Surprise! All those electronic devices you adore and rely on so much, like your TV and XBox can be just as much a security threat as a hacker who reads all your emails.
The Electronic Privacy Information Center (EPIC) sent a letter last week to the Federal Trade Commission and the Justice Department asking regulators to look into “always on” technology. The group cited technology from Microsoft, Amazon, Google and others as worrisome.
EPIC fears the average consumer isn’t aware that some of these devices are actually spying on them by recording their conversations even when the device seems to be turned off. The privacy implications of these devices, which they believe infringe on individual rights, is profound.
The companies say the devices are only engaged in “conversation” when triggered by a “hotword” or a certain gesture. However, those designs can’t be counted on to always work as planned and could cause accidental recordings.
If you’re worried about your privacy, here’s a list from EPIC that can help you audit your chances of staying anonymous.
The browser is reportedly able to remotely install code that allows the software to listen to users without their knowledge. The code was originally designed to support Chrome’s new “OK, Google” hotword detection, which activates a computer response when you talk to it. However, some users claim the code was installed and activated on their computers without them giving their permission.
Google responded to these complaints on its Chromium developer boards. “While we do download the hotword module on startup, we do not activate it unless you opt in to hotwording,” the company wrote. Some developers question this claim.
The Samsung SmartTV has a built-in microphone that is equipped with voice recognition technology that allows users to give verbal commands to the TV. In order for Samsung to convert your speech to text, the voice commands are sent over the Internet to a third-party for interpretation.
This Internet-streaming home security camera is a product of Nest Labs, which is now owned by Google. The camera comes with a microphone and streams video and sound directly to a consumer’s smart phone in real time. With the Nest “Aware” app, Google can record and save up to 30 days of video and audio.
Using the recording, the camera has the ability to alert users when an “unusual sound” is detected. Nest has the capability of distinguishing between unknown or known voices, which is an important security feature. But privacy advocates are fearful because the company does not disclose how the technology works or how much information the company collects.
Canary Connect is another company that develops Internet-connected home security systems. The security device can store audio and video recordings from inside a user’s home for 90 days and can be set to one of three modes — “armed,” “disarmed” and “privacy.” Unless the device is in “privacy” mode, it will automatically begin to record when triggered by motion.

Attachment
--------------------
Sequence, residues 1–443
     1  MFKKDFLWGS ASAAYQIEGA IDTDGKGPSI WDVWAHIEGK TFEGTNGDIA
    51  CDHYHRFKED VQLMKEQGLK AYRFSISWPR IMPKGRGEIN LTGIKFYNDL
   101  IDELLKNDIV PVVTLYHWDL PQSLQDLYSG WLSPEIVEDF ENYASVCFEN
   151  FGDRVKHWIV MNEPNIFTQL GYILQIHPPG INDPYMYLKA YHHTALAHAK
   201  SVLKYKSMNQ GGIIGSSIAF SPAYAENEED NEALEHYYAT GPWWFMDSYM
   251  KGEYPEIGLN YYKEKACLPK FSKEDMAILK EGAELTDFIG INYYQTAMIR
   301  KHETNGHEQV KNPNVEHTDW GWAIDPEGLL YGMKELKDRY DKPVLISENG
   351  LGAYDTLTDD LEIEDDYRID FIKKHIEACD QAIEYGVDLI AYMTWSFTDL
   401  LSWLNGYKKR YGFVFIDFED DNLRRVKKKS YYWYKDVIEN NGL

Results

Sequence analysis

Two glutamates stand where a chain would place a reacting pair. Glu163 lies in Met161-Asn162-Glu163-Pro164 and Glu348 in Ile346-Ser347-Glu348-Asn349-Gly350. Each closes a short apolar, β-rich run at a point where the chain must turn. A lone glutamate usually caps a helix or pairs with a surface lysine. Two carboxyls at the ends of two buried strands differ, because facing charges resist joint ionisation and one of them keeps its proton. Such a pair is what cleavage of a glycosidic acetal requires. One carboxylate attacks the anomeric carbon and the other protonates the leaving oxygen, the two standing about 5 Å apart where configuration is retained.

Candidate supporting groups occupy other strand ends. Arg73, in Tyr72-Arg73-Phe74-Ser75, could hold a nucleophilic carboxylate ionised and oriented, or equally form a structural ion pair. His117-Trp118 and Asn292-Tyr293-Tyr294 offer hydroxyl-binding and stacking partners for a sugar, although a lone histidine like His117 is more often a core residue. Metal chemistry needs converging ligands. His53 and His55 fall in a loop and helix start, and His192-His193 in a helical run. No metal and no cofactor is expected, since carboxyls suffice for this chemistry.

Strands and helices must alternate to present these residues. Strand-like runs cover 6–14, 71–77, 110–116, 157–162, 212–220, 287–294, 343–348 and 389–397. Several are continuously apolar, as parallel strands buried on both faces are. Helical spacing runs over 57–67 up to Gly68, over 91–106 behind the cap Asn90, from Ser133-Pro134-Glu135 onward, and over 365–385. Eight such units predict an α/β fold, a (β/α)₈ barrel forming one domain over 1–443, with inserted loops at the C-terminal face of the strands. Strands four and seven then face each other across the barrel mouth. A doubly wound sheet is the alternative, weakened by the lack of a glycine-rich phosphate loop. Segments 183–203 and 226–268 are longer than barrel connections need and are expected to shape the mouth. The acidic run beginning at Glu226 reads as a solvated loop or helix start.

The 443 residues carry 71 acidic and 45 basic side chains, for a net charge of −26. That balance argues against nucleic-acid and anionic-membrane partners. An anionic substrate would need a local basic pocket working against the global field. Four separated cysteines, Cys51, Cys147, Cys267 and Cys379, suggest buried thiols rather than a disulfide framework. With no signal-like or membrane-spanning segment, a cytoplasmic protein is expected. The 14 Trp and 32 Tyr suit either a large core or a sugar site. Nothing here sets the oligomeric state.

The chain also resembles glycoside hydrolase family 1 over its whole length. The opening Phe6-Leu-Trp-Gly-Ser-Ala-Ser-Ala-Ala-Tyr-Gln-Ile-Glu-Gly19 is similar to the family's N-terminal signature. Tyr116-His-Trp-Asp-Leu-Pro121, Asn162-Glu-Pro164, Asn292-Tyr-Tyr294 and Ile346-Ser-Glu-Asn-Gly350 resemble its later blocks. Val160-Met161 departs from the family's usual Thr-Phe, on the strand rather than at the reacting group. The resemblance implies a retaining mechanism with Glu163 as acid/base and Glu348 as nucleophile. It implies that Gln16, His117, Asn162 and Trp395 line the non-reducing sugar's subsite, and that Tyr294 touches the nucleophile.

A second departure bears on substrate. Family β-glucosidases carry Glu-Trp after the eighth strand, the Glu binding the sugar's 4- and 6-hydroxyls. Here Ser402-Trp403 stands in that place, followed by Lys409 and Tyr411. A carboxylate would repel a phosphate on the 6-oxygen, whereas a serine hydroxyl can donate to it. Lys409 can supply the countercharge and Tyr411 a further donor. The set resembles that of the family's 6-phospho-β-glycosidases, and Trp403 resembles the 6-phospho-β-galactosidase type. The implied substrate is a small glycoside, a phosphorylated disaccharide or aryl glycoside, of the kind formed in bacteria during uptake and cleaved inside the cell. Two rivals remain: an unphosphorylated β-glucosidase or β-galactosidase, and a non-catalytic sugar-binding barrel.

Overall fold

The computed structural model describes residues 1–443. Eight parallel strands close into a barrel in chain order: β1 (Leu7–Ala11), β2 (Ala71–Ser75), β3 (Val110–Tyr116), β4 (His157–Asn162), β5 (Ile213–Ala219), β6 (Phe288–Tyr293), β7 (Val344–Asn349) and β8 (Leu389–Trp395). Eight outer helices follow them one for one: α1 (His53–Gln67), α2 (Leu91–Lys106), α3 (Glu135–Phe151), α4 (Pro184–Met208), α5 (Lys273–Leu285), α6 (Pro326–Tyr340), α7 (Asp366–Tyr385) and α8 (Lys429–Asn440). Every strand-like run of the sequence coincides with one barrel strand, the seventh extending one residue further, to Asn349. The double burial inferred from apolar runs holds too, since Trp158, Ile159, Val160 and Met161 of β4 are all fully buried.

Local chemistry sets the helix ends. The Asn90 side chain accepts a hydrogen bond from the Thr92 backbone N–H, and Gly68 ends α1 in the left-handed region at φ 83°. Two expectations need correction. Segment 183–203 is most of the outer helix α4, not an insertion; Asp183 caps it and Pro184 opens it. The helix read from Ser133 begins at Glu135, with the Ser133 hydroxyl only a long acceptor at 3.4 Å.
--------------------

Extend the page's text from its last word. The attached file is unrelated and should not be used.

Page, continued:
Users have complained that there isn’t an easy way to determine what mode the device is in. In addition, the interface doesn’t notify consumers when it is switching modes.
Microsoft has installed its “always on” voice and motion recorder, called Kinect, in its Xbox videogame consoles. When users say the word “Xbox,” the Kinect tracks and records the users’ voice and hand gestures in order to follow commands. In order for the device to know when to turn on, the console monitors conversations at all times.
Amazon Echo, like other voice-activated computer programs, is triggered awake by the word “Alexa.” The device is constantly listening in on household conversations for the word, which then triggers the system to record and stream the recording to Amazon’s cloud for processing and storage. Amazon has not revealed what data the system collects and if it saves conversations or words said before “Alexa.” In addition, various companies are in the process of incorporating Alexa into their Internet-connected devices. Amazon has not revealed how much information it will have access to once these other companies begin to collect their own data.
Mattel’s “Hello Barbie”
A new high-tech Barbie has sparked a furious outcry from the advocacy group Campaign for a Commercial-Free Childhood. Through a Wi-Fi connection and a built-in microphone, the new Barbie is able to hold conversations with a child. Critics, in addition to the privacy concerns, are worried that Mattel is exploiting the children and using them for financial gain because they can learn the child’s likes and dislikes. Mattel counters that there are safety precautions put in place and that the toy fills a niche for children who want to be able to speak with their Barbie.
Top Reads from The Fiscal Times: